This is where Instagram came into the mix. Even though I wasn’t into social media, I found the idea of sharing my endeavours with others and getting feed back wonderful. So I started out on Instagram. This helped me to develop a steady work attitude again. I got to see lots of art from other artists, they inspired me, I learned things from them, and I got to share my art, too. Others liked it, I got to know them a bit and had a place to show the experiments and try out new things. I connected with people all over the world. And this made up for the „art vacuum“ in my direct environment. 


But the turmoil of my private life interferred from time to time, I got sick for a long time, and we added to our house. These were all times I put Instagram on hold, because I just couldn‘t juggle it all. When everything was taking so much of my energy, I didn‘t have any left for Instagram. I worked in spurts and starts toward my goal. Steady in the end, but very slow.


And Instagram changed as well. All of a sudden it wasn’t chronological anymore. Hashtags became more and more a science. After every break I had to take it was worse. It became more and more work to be seen on Instagram. Not just seen by everybody, but seen by the people I already had a connection with. At the same time I wanted to build a livelihood and wherever I went they told me, to harness social media for your business. Work with the algorithm. Be consistent, don’t take breaks, post every day. Do this. Do that.


After coming back in April, I did what I could. No more break on weekends, always posting a story as well. Using hashtags. Planning what I would draw in advance. And I learned a lot, sure, but it was quite time consuming as well. And for me social media is hard. My head runs over with a thousand ideas and I have to sort them through consistently and figure out ways how to ensure that I work consistently without hopping around to much to the tune of my never ending stream of ideas. I could sit around the entire day and dream. So for me the question is: Do I harness all that energy for appeasing an algorithm on social media that changes in the blink of an eye, or do I channel that energy into on of my creative projects?


I tried to keep the effort acceptable by establishing routines. But I think this is what ultimately ran me into the shadow ban. I got to consistent. 


And here I have the dilemma now. I really like the interaction with the people I connected with. I love how the daily post spurs me on to think and play and try things out. It helps me think through things visually.


But I dislike very much how the platform, that started out with an „everybody can play“ attitude, narrowed down. Now it is far removed from the time, where you could post and people could discover simply by searching for a hashtag. Now the algorithm wants more and more of my attention, of my work, and of my money. It pushes people to spend money on adds, and has become a gatekeeper itself. 


And this is the problem: We started out with the promise, that we don’t have to pander to the classic gatekeepers in companies, add agencies and publishing houses anymore. But those times are over. Instagram has become the gatekeeper itself. I have no control whatsoever who gets to see my things. I am prodded to spend a lot of time, and, if Instagram gets what it wants, money, with a promise that is farther and farther away. And not only that, Instagram gets all that data about me, which in itself is a huge business for them. I am sucked into working more and more for the algorithm with little in return.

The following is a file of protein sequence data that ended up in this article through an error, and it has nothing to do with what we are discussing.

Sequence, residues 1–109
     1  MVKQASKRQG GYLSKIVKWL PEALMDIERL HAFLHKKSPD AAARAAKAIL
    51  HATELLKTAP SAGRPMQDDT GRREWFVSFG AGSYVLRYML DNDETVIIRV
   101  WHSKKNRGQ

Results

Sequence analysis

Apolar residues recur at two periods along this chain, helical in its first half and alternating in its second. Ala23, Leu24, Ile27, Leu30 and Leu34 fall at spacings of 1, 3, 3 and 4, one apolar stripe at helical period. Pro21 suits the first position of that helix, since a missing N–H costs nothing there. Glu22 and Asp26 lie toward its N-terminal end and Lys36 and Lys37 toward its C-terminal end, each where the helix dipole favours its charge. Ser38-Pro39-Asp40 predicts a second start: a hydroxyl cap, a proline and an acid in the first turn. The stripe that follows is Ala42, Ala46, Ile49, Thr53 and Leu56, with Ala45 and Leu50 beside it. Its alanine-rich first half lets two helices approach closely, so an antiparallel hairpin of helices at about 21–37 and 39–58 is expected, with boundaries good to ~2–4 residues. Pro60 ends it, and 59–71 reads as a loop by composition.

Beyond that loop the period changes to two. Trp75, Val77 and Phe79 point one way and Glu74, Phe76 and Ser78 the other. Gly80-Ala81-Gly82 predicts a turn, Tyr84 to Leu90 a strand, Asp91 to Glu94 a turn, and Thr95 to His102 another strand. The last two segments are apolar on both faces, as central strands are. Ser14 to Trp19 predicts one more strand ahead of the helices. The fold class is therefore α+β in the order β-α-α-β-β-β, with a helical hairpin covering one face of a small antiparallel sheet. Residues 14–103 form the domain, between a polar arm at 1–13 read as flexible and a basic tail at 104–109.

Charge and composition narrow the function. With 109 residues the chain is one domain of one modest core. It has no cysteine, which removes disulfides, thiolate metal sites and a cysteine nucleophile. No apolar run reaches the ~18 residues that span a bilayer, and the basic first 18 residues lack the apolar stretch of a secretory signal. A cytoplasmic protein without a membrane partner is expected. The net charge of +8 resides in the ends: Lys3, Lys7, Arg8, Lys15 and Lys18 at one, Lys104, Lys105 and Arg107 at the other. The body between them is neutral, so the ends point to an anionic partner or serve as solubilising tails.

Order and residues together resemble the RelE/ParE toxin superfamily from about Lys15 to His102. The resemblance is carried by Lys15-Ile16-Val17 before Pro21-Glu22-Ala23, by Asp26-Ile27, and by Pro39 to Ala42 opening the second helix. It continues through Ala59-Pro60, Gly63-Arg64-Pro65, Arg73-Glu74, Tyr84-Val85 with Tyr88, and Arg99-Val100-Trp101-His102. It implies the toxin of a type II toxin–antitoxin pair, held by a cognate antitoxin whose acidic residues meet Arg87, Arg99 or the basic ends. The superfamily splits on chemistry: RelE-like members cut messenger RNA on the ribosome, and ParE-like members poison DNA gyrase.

Now I have to ask myself, can I justify an hour per day for the possibility of interacting with the people I want. Because by now it is only a possiblity. No matter what I do, there is no garanty that you can see what I post. Seven hours per week are a lot of time if I can spend them on a creative project. Or to find out the classic gate keepers and contact them the old fashioned way. 


Oh, and there is one thing more that has gotten incredibly annoying: the sheer amount of males sending me messages or following me, and pestering me with messages like „Hello pretty!“ I guess most of them are bots, but annoying nonetheless. My account is clearly about art only, and a very small niche of art at that. It is obvious that I don’t look for anything else. It feels intrusive and takes away joy. And what I hear around me, I am not the only woman who feels that way. There are many of us, who feel pestered by that. And I don‘t see that Instagram is doing anything against that.


So, how will I go on?

First thing, I have set my account to private again. I can‘t control who gets to see my images anyway, so I don‘t want to see how far it reached anymore. It only annoys me more. I will post as often as it feels fine for me. I‘ll take weekends off if I want to, and the holidays with my family will not be infringed by posting stuff on Instagram either. And I will look for other ways to get what Instagram doesn‘t do for me anymore. I also have deactivated all notifications and banished Instagram onto the last page of my screen. So even if there would be notifications visible I can‘t see them unless I am activily scroll to the last page of my phone. I will visit only once a day, or maybe not at all. If you send me a message I will answer, but it can take a day or two. The same goes for any comments. 


If you are fine with all that, I look forward to see and hear from you. If not, unfollow me. 


Have a great day!